After 22 years as an RN, I now write about medical issues and new medical advances. Diet, exercise, treatment, and lifestyle are important.
Overview of Deep Brain Stimulation (DBS)
Deep brain stimulation (DBS) is a neurosurgical procedure. DBS uses implanted electrodes along with electrical stimulation to treat that regulate abnormal impulses. DBS is used to treat movement disorders, which are usually associated with Parkinson’s disease (PD), essential tremor, dystonia and some other neurological conditions.
How Patients Are Chosen for DBS
There is an extensive evaluation process when deciding if a patient needs DBS. Typically the evaluation requires a multidisciplinary team of specialists, which includes a neuropsychologist, neurologist, neurosurgeon and a psychiatrist. Patients that can be managed with medication are not considered for DBS.
Patients that are considered for DBS meet the following criteria:
- Their symptoms are not controlled with medications.
- The patient’s symptoms are reducing their quality of life.
- The patient is having side effects with their current medications.
Deep brain stimulation is a three part procedure. First, electrodes are implanted in the brain. Then, the deep brain stimulation is controlled using a pacemaker-like device that is implanted under the skin in the upper chest, which is implanted on another day. A wire then runs under the skin connecting the device to the brain electrodes while the patient is asleep.
The amount of stimulation in deep brain stimulation is controlled by a pacemaker-like device placed under the skin in your upper chest. An implantable pulse generator (IPG) that travels under your skin connects this device to the electrodes in your brain. The third step of this procedure is setting up the generator.
If there are unwanted side effects with DBS or if a more promising treatment is developed the implantable pulse generator (IPG) can be removed, thus halting the DBS treatment. The IPG can also be easily adjusted, which does not require further surgery.
The videos below explain deep brain stimulation very well.
Deep Brain Stimulation (DBS): Stages of Surgery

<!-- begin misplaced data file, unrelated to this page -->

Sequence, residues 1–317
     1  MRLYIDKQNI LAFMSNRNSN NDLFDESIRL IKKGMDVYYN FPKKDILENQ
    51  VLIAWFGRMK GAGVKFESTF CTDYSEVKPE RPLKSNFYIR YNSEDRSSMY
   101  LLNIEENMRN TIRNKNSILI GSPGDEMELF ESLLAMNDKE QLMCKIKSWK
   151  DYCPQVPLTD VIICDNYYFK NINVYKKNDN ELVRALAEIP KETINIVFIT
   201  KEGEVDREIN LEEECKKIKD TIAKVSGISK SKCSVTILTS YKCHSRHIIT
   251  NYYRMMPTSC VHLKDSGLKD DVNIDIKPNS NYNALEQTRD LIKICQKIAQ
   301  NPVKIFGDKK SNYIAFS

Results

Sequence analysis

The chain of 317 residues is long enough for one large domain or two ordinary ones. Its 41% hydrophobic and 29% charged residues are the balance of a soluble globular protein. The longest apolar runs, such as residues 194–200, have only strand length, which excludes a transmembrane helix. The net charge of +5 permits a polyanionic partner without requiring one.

Treatable Medical Conditions
The Food and Drug Administration is approved for several neurological and movement disorders. Several medical conditions are being evaluated as well. The most common conditions treated using DBS include:
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- Parkinson’s Disease
- Essential tremor
- Obsessive compulsive disorder
There are several medical conditions that are being studied using DBS as a treatment, and they include:
- Huntington’s Disease
- Multiple sclerosis
- Cluster headaches
- Tourette syndrome
- Chronic pain
- Traumatic brain injury
- Stroke recovery
- Thalamic pain syndrome
- Alzheimer’s disease
- Anorexia nervosa
The National Institute of Neurological Disorders and Stroke (NINDS)’s mission is to seek knowledge concerning the brain and nervous system, thus looking for treatments. Mayo Clinic currently has thirty DBS studies that are ongoing.
Every surgical procedure carries some risk. Most people are able to return to work after one or two weeks, but there is still a low risk of bleeding or infection in the brain. Other possible complications include swelling of brain tissue causing headaches, some temporary pain or seizures.
Most of the patients continue taking some medication after DBS. Patients with Parkinson’s disease will typically find a considerable reduction in their motor symptoms with a reduction in their medications.
Patients with dystonia may find they respond more favorably to DBS than to medications. As DBS can target the thalamus gland reducing involuntary movements of the hands, arms and head associated with essential tremor. Patients with epilepsy will usually find a reduction in the number of seizures over time.
DBS is not typically used for dementia as it does not improve cognitive symptoms and can even worsen them. While DBS changes the brain firing pattern it does not reduce the progression of any neurodegeneration.
Deep Brain Stimulation for Parkinson’s, Tourette’s
Scientists have learned a large amount of information about the brain over the last fifteen years, and deep brain stimulation has certainly advanced. For instance, Parkinson’s disease can make a person’s life miserable as it progresses, but with DBS the individual has a chance at a somewhat normal life. The vast amount of research will ultimately help many patients with a variety of medical conditions affecting the nervous system.
This content is accurate and true to the best of the author’s knowledge and does not substitute for diagnosis, prognosis, treatment, prescription, and/or dietary advice from a licensed health professional. Drugs, supplements, and natural remedies may have dangerous side effects. If pregnant or nursing, consult with a qualified provider on an individual basis. Seek immediate help if you are experiencing a medical emergency.
© 2022 Pamela Oglesby